3. Greg Br

    Greg Br Second Unit

    Joined:
    Dec 13, 2001
    Messages:
    437
    Likes Received:
    0
    Trophy Points:
    0
    The contrast test was confusing, trying to get all the lines to show the same brightness and I did notice the black lines on the crosshaires changing much, I ended up setting the contrast relatively low per the conversation the narrators had about it being genarally set to high on most televisions.

    How did your sub calibration go?
     
  4. AbelM

    AbelM Second Unit

    Joined:
    Dec 28, 2001
    Messages:
    374
    Likes Received:
    0
    Trophy Points:
    0
    What disc is this, and where can you get it?
     
  5. EarleD

    EarleD Supporting Actor

    Joined:
    Aug 27, 2000
    Messages:
    728
    Likes Received:
    3
    Trophy Points:
    0
    Does the disc support 6.7/7.1 setups? My love my VE disc but the lack of rear center tones makes it tough to calibrate the rear centers.

    thanks

    Earle
     
  6. Guy Kuo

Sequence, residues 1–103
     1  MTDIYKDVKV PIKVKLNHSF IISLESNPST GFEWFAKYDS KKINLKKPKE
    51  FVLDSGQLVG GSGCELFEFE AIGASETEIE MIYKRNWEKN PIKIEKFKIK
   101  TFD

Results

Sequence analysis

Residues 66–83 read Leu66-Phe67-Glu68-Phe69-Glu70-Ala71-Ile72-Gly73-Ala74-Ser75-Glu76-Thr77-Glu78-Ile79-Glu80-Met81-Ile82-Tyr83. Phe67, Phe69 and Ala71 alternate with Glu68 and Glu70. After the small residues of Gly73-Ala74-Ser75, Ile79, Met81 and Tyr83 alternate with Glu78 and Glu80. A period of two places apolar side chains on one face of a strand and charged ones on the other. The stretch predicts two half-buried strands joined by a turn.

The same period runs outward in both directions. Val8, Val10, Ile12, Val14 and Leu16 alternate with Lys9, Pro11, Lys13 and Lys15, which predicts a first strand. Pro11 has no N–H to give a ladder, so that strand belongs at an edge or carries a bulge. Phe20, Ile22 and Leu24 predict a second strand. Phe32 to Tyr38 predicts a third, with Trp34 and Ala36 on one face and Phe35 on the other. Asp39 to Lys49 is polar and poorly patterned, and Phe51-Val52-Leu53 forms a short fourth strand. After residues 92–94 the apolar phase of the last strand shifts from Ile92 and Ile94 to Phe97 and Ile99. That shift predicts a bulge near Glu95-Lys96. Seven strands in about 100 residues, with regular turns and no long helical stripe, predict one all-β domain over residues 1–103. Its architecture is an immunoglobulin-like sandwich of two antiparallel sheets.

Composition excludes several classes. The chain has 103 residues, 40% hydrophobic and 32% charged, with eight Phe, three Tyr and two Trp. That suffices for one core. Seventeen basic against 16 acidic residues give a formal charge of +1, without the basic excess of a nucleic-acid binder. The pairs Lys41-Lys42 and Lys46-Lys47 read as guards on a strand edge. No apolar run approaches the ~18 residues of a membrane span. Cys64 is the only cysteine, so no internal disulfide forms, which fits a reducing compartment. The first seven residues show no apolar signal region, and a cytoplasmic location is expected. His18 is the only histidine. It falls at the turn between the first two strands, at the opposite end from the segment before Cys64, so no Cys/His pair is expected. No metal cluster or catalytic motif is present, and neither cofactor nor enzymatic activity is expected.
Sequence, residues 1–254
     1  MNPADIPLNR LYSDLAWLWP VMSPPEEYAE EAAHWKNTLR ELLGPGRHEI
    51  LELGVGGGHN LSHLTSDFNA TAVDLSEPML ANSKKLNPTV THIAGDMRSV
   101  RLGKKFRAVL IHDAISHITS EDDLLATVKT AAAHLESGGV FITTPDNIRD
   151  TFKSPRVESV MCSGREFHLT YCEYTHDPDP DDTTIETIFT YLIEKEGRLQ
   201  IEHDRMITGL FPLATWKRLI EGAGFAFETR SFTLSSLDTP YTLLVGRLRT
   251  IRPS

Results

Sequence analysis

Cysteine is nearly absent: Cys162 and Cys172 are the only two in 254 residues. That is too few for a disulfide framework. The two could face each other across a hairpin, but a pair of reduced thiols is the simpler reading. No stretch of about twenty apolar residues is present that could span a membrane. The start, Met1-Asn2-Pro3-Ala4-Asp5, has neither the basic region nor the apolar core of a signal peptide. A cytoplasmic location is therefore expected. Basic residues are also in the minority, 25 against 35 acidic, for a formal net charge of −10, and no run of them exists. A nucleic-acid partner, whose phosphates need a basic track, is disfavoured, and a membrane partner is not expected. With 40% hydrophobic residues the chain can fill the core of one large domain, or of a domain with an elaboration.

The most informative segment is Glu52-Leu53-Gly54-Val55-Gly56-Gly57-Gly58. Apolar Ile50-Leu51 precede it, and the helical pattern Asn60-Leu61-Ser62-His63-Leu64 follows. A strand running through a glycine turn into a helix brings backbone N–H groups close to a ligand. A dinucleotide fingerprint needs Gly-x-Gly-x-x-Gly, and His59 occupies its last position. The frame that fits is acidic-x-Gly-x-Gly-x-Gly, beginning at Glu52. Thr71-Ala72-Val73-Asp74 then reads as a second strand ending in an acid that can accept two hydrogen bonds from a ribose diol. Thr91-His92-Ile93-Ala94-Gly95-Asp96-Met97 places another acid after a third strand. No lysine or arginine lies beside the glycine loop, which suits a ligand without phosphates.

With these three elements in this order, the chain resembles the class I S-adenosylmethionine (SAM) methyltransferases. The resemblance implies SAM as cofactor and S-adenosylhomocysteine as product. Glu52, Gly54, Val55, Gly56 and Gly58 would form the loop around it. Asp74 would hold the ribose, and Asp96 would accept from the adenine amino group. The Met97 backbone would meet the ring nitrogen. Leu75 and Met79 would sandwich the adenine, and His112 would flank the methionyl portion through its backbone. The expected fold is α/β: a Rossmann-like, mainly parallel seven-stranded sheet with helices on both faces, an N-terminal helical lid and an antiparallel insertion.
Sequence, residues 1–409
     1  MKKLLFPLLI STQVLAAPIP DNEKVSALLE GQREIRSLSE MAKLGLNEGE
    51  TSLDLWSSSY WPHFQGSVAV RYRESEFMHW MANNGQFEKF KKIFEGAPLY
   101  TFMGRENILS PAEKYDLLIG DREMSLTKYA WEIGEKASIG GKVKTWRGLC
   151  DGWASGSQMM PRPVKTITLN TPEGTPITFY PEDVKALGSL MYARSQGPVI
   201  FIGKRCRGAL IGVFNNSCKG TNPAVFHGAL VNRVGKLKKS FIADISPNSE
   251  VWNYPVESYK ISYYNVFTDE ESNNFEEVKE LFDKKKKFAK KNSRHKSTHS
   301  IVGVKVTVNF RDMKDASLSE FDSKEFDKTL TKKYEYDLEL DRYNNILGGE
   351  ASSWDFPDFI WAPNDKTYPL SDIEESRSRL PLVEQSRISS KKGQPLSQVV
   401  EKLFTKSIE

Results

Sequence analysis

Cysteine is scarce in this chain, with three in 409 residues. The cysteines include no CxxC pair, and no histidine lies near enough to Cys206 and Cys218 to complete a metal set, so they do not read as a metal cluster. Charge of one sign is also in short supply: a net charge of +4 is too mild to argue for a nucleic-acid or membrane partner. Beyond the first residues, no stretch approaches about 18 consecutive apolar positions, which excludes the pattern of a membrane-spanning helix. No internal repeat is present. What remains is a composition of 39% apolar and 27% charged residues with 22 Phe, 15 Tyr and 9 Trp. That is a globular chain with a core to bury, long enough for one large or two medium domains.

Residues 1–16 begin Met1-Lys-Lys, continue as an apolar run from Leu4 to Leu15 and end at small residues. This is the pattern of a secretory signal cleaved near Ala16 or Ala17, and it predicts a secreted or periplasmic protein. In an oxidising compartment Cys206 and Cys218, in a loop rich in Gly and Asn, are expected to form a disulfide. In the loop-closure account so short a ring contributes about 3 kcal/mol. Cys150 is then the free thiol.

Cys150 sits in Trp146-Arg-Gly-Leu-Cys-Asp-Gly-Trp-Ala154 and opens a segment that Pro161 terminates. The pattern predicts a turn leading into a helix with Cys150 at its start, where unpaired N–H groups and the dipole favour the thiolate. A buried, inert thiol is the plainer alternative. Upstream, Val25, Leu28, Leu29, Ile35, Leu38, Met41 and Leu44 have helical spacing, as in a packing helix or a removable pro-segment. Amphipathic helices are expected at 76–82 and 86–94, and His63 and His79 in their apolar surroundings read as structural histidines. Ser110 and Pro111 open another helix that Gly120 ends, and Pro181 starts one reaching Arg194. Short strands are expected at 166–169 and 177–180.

Guy Kuo Supporting Actor

    Joined:
    Mar 6, 1999
    Messages:
    581
    Likes Received:
    0
    Trophy Points:
    0
    Yes, both DTS and DD test with center rear surround channels are supported on the HTT disc.

    Those "contrast" settings you were doing to make the lines the same brightness sounds awfully like the SHARPNESS control and pattern, not contrast.

    Setting contrast is a bit harder for most people. The pattern in AVIA is very similar in design so I'll repost some info which should help with HTT as well.

    -----

    Black and White Level Adjustment

    Let's first examine what the black level (brightness) and white level (contrast) controls actually do inside the set and the performance limitations that set the bounds within which you should keep the controls.

    Within the television, there are video amplifier stages. Somewhere near the end of the video signal processing chain, just before the signal reaches the final amplifiers, the black level and white level controls operate. At the amplifier stage where these two controls operate, a small video signal undergoes amplification before being passed to the next circuitry stage. The higher the signal, the higher the associated beam current and hence more light output. (I'm ignoring the inverted polarity of the signal to simplify this discussion.)